Yes, we get it. Stafford has a strong throwing arm, his wife Kelly loves and stands by him, and according to Rosenberg, he was the most likely kid to be able to break windows heaving balls from across the street while running on wet leaves. Please Michael, you're killing us with the gooshy stuff.

But let's get real and look at hard stats.

Over his career, now in its ninth year, Matthew Stafford has compiled a 57-62 regular season record. In his previous eight seasons, he's led the Lions to exactly three playoff games, all on the road -- and lost them all. So he has an overall record of 57-65, and hasn't even found a way to get the Lions a single home date in the playoffs, let alone win a playoff game. After eight years, he's eight games under .500 and yet to win a playoff game.

So tell me one more time how dear Matthew has EARNED the right to be the NFL's highest paid player. Good grief, there's likely a dozen teams around the league he couldn't even START for.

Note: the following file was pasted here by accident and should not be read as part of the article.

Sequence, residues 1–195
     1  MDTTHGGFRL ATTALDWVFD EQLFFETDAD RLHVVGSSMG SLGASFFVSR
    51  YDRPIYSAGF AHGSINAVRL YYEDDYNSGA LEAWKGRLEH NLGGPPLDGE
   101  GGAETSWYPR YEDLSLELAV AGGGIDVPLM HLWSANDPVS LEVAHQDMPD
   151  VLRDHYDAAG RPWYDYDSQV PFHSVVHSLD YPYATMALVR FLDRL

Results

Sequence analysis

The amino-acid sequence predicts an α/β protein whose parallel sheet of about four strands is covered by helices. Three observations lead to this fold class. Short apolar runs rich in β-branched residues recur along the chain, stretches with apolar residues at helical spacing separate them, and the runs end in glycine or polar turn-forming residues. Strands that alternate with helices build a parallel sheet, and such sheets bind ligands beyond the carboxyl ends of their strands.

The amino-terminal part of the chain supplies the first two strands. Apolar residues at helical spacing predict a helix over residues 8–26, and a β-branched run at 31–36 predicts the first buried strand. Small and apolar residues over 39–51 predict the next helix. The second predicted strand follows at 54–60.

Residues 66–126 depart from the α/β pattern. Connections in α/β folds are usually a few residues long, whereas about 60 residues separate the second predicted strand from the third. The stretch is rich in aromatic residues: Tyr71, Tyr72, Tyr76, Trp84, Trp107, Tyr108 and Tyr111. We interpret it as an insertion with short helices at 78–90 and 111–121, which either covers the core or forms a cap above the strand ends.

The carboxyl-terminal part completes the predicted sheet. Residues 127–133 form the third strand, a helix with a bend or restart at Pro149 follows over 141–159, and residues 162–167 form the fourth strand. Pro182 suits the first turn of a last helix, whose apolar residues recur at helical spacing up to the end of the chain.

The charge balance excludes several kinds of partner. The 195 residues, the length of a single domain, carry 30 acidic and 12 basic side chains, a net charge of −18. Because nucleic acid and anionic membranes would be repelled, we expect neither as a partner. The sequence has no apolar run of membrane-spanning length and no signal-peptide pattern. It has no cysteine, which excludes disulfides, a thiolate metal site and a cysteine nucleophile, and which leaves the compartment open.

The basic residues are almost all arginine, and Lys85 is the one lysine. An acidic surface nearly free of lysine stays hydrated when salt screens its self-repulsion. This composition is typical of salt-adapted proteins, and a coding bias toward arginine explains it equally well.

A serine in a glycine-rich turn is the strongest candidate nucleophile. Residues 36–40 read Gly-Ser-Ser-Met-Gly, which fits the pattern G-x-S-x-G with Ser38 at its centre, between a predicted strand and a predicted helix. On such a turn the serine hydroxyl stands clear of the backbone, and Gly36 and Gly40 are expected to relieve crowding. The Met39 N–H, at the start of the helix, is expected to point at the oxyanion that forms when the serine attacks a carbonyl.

People like Tom Brady, Drew Brees, Aaron Rodgers, Ben Roethlisberger, Matt Ryan, and even Eli Manning have been there, done that when it comes to Super Bowls. They've earned it over the years.

Stafford's still floundering about in Detroit, putting up big passing stats, while the team is mediocre at best. Is that all his fault? No. But should he take the hit for being an overall losing QB after almost nine seasons? Of course.

One of the dumbest things yours truly ever saw or heard of was Stafford, a free agent waiting to happen, re-upping with the Lions. In effect, he got enough guaranteed money so the next few generations of Staffords -- if he and dear Kelly ever decide to have kids -- a matter of contention according to Rosenberg -- will be financially secure, and then some. She wanted to breed, while he still feels a loyalty to deliver to the Ford clan -- go figure. What's that? Dear K popped out twins? SURPRISE pops. You be a daddy these days whether you like it or not.

Had Stafford opted for the open market, no doubt several, but not all teams would have been interested in his services. He would have gotten a bazillion bucks one way or the other. The way Dak Prescott is tanking in his sophomore year in Dallas, the Georgia Peach might have even attracted serious attention -- and bucks -- from Jerry Jones and the Cowboys. BTW, his home town.